17 October 2012 is a date that sticks in the memory of Mike Bracken, the Government’s digital director. It was the day that perhaps the largest IT project ever undertaken by the civil service went live – and absolutely nothing terrible happened.
Nothing crashed. Nobody’s data was lost. No budget was overspent and nobody was dragged in front of Margaret Hodge and the Public Accounts Committee for a ritual savaging.
In the troubled history of government and computers, it was a memorable date indeed.
Here is something rather unlikely: Whitehall is actually now getting rather good at IT – and the “Gov.uk” transformation of 15 months ago is some proof of that.
Anyone who has ever clicked on the Government’s official website will have noticed the difference.
Instead of dozens of different sites for every ministerial department and public-sector agency – each with its own different look, way of organising information and individual quirks – there is now just a single portal for everything that the Government does.
It all looks the same, works in the same way – and most importantly, is designed for people who need to use Government services or seek information online but don’t want to be bamboozled by policy documents, ministerial pronouncements or statistical updates.
Behind the scenes, the transformation required building an entirely new architecture for the Government’s presence online that was simple to use, coherent and stable. On the night of switchover it required the redirection of 134,000 individual web pages onto the new system in a matter of hours, while ensuring that the old links still worked.
Perhaps hardest of all, it required behind-the-scenes politics to corral the notoriously independent departments to give up their own digital fiefdoms and embrace a single, unified approach.
But this is just the start. The Government Digital Service (GDS) has now embarked on a project with much wider ramifications which, if successful, will not only have a profound effect on how we, as citizens, interact with the state – but also how we interact online in general.
GDS is seeking a solution to a problem that affects not just Government, but anyone dealing in personal information over the web: how do you know the person you are dealing with online is who they say they are?
Until now, the Government, banks and commercial organisations have all built individual systems of online verification, at significant cost and with varying success. Now GDS are attempting to create a new market for identity verification – underpinned by Government standards – and accessible to the private sector as well.
It works like this: starting later this year, anyone wanting to use a Government service online (such as renewing a tax disc or passport, filling in a tax return (or, eventually, claiming universal credit) will be asked to set up an identity verification account.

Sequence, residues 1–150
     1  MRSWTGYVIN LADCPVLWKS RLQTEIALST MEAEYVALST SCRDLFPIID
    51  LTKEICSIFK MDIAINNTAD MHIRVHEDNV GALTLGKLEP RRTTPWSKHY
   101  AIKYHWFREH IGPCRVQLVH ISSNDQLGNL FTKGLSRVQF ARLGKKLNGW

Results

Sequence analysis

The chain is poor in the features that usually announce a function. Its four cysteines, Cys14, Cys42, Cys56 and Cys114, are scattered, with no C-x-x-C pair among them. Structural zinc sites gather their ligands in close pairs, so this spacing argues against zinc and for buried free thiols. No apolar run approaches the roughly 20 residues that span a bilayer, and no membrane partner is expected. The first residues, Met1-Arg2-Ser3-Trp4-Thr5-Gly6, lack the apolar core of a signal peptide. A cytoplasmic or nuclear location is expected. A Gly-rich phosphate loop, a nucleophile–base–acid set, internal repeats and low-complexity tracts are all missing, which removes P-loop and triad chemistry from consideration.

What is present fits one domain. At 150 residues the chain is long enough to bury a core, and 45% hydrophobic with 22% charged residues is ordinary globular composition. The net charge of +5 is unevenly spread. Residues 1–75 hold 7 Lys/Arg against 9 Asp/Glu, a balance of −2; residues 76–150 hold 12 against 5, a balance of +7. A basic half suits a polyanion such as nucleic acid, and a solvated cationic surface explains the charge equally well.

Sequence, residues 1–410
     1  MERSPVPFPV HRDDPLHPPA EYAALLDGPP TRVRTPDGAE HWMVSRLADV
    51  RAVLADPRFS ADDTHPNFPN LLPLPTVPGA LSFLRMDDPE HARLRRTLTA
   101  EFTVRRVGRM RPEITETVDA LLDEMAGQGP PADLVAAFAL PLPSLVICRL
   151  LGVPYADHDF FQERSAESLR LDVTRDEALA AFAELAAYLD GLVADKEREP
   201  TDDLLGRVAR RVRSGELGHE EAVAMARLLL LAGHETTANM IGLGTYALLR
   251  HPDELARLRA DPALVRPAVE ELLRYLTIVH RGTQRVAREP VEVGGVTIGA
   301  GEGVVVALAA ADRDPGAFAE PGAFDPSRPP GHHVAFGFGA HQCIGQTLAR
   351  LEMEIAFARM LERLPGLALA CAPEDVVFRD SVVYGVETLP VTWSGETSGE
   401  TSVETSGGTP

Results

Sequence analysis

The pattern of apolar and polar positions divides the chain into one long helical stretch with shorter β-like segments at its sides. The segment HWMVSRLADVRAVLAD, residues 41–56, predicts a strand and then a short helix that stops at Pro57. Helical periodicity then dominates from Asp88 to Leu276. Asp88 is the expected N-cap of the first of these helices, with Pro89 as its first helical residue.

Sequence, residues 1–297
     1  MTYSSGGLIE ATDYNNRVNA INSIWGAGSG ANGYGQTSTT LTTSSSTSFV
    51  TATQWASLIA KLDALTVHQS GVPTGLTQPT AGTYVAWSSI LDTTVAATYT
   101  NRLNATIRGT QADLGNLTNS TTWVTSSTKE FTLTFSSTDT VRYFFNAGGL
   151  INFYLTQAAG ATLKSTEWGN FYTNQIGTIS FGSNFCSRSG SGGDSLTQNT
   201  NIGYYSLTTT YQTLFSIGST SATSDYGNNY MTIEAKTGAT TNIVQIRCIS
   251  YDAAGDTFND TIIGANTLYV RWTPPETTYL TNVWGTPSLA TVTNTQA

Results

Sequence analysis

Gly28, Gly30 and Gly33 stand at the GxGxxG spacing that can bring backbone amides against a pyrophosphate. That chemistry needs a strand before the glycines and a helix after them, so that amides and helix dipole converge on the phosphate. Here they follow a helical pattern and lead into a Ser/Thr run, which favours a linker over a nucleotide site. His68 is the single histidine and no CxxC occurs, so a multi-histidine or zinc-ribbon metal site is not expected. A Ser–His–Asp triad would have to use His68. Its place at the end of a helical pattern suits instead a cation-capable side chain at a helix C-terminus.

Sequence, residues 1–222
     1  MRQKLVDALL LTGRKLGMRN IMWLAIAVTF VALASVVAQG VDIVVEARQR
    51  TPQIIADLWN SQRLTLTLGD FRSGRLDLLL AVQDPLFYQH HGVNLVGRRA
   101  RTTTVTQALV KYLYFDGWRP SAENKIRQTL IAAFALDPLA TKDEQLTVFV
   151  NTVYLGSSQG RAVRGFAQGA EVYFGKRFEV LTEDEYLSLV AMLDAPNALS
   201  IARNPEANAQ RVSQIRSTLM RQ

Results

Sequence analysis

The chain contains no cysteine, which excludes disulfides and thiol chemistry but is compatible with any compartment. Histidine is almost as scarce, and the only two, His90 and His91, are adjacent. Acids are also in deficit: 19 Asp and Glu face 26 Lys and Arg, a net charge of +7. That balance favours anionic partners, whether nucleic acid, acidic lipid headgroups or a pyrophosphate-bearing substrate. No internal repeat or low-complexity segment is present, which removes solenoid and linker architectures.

These will be privately provided by companies such as the Post Office, and will involve individuals proving who they say they are by providing information such as their passport number, address, or the last digits of their bank account or mobile phone. Utility account numbers can also be used.
This information is then cross-checked against existing records held by the Government and private-sector credit-rating agencies to verify their identity. Once this is done, the person will set their own user name and password and provide answers to security questions.
The useful bit is that once you have set up your free account you will never have to do so again – and will be able to access any Government service from anywhere in the world simply by logging in.
The idea is that, once this is established, other private-sector organisations such as banks are likely to use the same systems to verify their customers’ identity. So, for example, you may in the future be able to switch bank accounts online rather than in person; apply for a loan; or buy age-restricted items in online stores such as Amazon.
Although at this stage the NHS will not be included, if the project is successful it will not be long before you’ll be able to read your medical records or consult a doctor online.
Such a change obviously carries risks. While theoretically it should make access to our personal data more secure, any loss or theft of that information would have more profound consequences.
But whether we like it or not, more and more things we need to do in life are going to be done online – and it has to make sense for the Government to get involved in setting standards and regulating what is so far an unregulated market. Besides, all the information that we provide to verify our identity is already held in different forms on computer servers across the country and beyond.
Interestingly, the Cabinet Office Minister Francis Maude claims that such identity verification will be the final nail in the coffin of the need for a national identity card.
But here the argument in favour is less robust. Although the scheme is voluntary, if it is successful it may, in a few years’ time, be impossible to operate a “digital life” without it.
If that’s the case, we’ll simply have created a digital national identity card by default.